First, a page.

“This breakwater on 26th Street went all the way through in the rocks. … This breakwater was all the way out there and the shore is irregular.”
The Army Corps of Engineers map from 1918 shows a spot slightly north of 28th Street where the land juts out—roughly 88 feet, according to the map’s scale. This spot looks like the closest match to the breakwater described by Harris. Was this outcropping also the demarcation for that invisible line through the water, the boundary that blacks weren’t supposed to cross?
According to Tuttle’s book: “Passing by the breakwater near 26th Street, the youths noticed a white man.” Harris said that a white man who was “walking along the breakwater” threw rocks at them. Harris estimated that the man was 75 to 100 feet away from the teenagers and their raft.
It seems likely that Eugene Williams died somewhere in the water east of that spot where the land jutted out into the lake. “We were in about 15 feet of water at the time,” Harris recalled. The Army Corps of Engineers map shows depths of 9 feet and 10.25 feet in nearby water.
Measuring the endpoint of that breakwater on the 1918 Army Corps of Engineers map, I estimate that the latitude and longitude are 41.84378,-87.61168. Plugging those coordinates into Google maps, the point is shown in a parking lot just east of Lake Shore Drive. The area where Eugene Williams died in the water would have been roughly 75 to 100 feet from there—around where Moe Drive is today, or perhaps on the western edge of Lake Shore Drive.
Eugene Williams’s death certificate (in the records of the Cook County clerk’s office) lists the location of his death as “Lake Michigan at 29th St.” That might indicate that’s where his body was brought ashore. Or it could be just a general indication of the area where he died. Or is it intended to be a specific location—indicating that the spot of his death was at 2900 South?
The Cook County grand jury indictment of a white man accused of throwing rocks at Williams—George Stauber, who was later found not guilty—does not include a specific location for the death, other than “the waters of Lake Michigan.”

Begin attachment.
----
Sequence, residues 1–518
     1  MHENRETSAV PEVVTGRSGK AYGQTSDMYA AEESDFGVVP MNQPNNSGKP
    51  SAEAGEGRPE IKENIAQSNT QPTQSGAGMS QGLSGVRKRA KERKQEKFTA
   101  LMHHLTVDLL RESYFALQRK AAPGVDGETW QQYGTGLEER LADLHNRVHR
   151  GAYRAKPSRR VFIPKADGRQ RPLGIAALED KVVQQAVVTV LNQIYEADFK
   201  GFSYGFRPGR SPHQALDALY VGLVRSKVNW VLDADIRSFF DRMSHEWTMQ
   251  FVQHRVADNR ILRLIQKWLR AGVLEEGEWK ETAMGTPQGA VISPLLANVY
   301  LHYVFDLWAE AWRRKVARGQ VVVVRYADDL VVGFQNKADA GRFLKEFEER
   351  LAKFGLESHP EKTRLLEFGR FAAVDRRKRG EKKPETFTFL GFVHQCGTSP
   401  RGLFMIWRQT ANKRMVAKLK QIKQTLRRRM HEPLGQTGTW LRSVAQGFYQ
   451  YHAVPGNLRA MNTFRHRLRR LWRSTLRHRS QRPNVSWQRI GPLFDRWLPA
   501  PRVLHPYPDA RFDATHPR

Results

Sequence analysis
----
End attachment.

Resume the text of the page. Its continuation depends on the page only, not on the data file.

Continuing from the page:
* * *
This area is not the only place where Chicago’s lakefront has evolved beyond recognition. All up and down the shoreline, landfill was added, moving the water’s edge toward the east. The Encyclopedia of Chicago features a map by Dennis McClendon showing how landfill changed the shoreline. (McClendon also runs the useful Chicago in Maps website.)
In the area near the old 26th and 29th Street beaches, the land was extended in the early 1930s—creating part of the fairgrounds for A Century of Progress International Exposition, the world’s fair that Chicago hosted in 1933 and 1934.
Above, a 1924 South Park Commission plan shows the old shoreline and a planned breakwater to the east. By 1929, that breakwater appears on a U.S. Geological Survey map:
That space between the shoreline and the breakwater was filled in by 1933. Below, a Conoco Travel Bureau map of the fairgrounds shows the Midway attractions on the newly created land just east of where the beaches used to be—including carnival rides, replicas of historic scenes—and some features that sound horrifying, including a “Negro Plantation Show.”
The hospital shut down in 2009, and the buildings were demolished, leaving the desolate vacant land of today. The site was touted as a possible location for the Olympics, when Chicago bid (unsuccessfully) for the 2016 Games. In 2019, Mayor Lori Lightfoot suggested it as one of several possible sites for Chicago’s first casino.
The land east of Lake Shore Drive—where the 1933-34 world’s fair Midway entertained visitors—is now part of Burnham Park, a 653.6-acre expanse of beaches, trails, green space, and natural areas along the South Side’s lakefront that is owned and maintained by the Chicago Park District.
A boulder with a plaque commemorating the 1919 race riot sits along a trail just west of the lake, around where 29th Street would hit the lakefront if the street continued east of Lake Shore Drive.
It appears to be around 500 feet southeast of the vicinity where Eugene Williams died—but given how much the surrounding scene has transformed over time, it may be as appropriate a place as any to place a marker for this tragic event.